How To Care For Encaustic Painting

HOW TO CARE FOR YOUR ENCAUSTIC PAINTING

                An encaustic paint film is stable in a temperature range of approximately 40-120°F. Wax is more fragile in the cold and becomes extremely brittle in freezing temperatures. If you would drop the painting is cold temperatures it will shatter. The paintings will begin to shift at 120°F.  The wax begins to be workable at 150°F, and it becomes liquid at 162°F.    Very hot days can soften the wax somewhat, but will cause no real damage.

 If you must transport the painting in hot or cold weather simply first cover the entire wax surface with wax paper, then cardboard, and some form of insulation.  When that painting is at room temperature remove the wax paper and unwrap the painting.  When in hot weather the wax paper will stick to the painting but will cause no damage as long as it is removed at room temperature.

                Do not hang your painting in direct sunlight.  You should never put any fine art in direct sun, but with encaustic there could be more immediate consequences. If you are nervous about the placement of the painting just feel the surface.  If it is warm the painting needs to be moved.  It should always feel cool to the touch.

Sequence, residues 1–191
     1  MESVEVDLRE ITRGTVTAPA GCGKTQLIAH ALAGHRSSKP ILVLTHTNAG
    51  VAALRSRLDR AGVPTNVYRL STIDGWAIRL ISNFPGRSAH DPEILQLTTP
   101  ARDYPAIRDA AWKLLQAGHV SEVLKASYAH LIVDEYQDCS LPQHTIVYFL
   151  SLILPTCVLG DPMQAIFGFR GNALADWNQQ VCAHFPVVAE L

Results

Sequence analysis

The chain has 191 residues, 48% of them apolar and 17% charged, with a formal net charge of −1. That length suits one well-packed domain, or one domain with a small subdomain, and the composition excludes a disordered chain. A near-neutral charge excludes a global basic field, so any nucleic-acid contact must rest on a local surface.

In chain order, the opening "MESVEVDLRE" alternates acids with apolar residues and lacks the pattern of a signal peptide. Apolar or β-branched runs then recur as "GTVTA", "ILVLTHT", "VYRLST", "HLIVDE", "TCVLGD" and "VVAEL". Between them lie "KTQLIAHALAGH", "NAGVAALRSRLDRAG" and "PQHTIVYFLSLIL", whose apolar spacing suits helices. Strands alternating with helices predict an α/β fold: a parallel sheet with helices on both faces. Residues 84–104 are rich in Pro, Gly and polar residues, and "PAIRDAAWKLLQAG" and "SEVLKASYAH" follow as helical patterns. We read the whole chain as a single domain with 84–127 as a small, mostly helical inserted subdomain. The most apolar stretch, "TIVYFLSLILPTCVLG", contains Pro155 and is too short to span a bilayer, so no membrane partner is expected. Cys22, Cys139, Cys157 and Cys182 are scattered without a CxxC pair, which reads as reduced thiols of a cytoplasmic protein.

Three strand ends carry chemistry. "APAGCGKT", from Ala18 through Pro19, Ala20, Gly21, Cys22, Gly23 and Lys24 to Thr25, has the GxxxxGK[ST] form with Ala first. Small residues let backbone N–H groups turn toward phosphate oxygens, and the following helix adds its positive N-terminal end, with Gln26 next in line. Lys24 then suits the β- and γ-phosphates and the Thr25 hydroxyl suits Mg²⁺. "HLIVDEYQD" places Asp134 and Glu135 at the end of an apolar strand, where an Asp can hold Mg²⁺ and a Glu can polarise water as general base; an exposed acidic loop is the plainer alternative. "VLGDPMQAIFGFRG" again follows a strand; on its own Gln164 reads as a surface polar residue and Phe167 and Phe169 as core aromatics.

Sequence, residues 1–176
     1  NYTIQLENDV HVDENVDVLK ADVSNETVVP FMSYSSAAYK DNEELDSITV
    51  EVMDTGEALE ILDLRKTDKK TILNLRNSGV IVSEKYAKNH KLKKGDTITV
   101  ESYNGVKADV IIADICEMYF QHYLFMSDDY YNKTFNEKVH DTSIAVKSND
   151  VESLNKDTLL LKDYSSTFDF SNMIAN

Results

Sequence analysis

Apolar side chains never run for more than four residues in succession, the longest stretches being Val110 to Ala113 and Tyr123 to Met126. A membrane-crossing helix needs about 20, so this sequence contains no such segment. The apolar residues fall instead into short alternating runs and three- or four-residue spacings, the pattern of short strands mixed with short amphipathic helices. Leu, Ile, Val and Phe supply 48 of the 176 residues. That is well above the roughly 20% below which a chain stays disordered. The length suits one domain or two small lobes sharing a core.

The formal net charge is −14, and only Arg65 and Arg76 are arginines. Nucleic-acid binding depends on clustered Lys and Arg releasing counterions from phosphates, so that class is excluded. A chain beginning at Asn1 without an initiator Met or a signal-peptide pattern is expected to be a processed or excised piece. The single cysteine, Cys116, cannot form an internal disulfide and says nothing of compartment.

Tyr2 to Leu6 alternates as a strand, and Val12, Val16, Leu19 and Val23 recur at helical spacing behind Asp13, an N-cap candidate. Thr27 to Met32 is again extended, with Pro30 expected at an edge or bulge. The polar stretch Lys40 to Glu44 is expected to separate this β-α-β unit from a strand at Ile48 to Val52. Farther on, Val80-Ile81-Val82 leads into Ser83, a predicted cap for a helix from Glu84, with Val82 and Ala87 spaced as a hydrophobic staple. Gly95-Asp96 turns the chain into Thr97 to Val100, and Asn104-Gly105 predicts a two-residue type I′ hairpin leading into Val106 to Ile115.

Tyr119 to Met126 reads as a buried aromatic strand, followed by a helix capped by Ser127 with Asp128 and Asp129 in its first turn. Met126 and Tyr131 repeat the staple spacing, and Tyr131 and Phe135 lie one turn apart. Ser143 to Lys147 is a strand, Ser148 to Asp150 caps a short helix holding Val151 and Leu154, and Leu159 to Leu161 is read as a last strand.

I usually avoid glassing an encaustic piece. If encased in glass and hung in direct sunlight, the glass will magnify the light and the space between painting and glass can heat up dramatically causing the painting to melt and shift. The paints have a damar resin in its formula; this cures and hardens the wax over time making the paint less vulnerable to damage. It's like varnishing the painting from within...so it doesn't need glass. However, you can still take your fingernail and scratch the surface.

                 You will need to buff your painting when it seems dull or hazed over.  The painting should always be shiny. When the painting is "young" or recently finished, it has not yet had time to cure and harden. It will therefore go back to a matte looking surface after buffing the first few times. As time goes by and the mixture has had a chance to cure and harden, (could take up to 6 months) it will keep its buffed polished look. At this point, it also sheds dust and dirt more readily. When the painting is at room temperature or cooler take a soft 100% lint-free cotton cloth (they are used for buffing cars) and buff the painting like you would buff a waxed car. Do not buff painting if it is over 75 degrees. Do not buff hard enough to create heat.

                 Encaustic paints are perhaps the most durable form of painting, evidenced by the Faiyûm mummy portraits in Egypt, which have survived over 2000 years without cracking, flaking, or fading.  Wax has several inherent qualities that allow it to withstand the test of time: it is a natural adhesive and preservative; it is moisture resistant, mildew and fungus resistant, and unappetizing to insects.  Wax paint also doe not contain solvents or oils so they will not darken or yellow with age.  Leaving the painting as fresh as the day it was painted.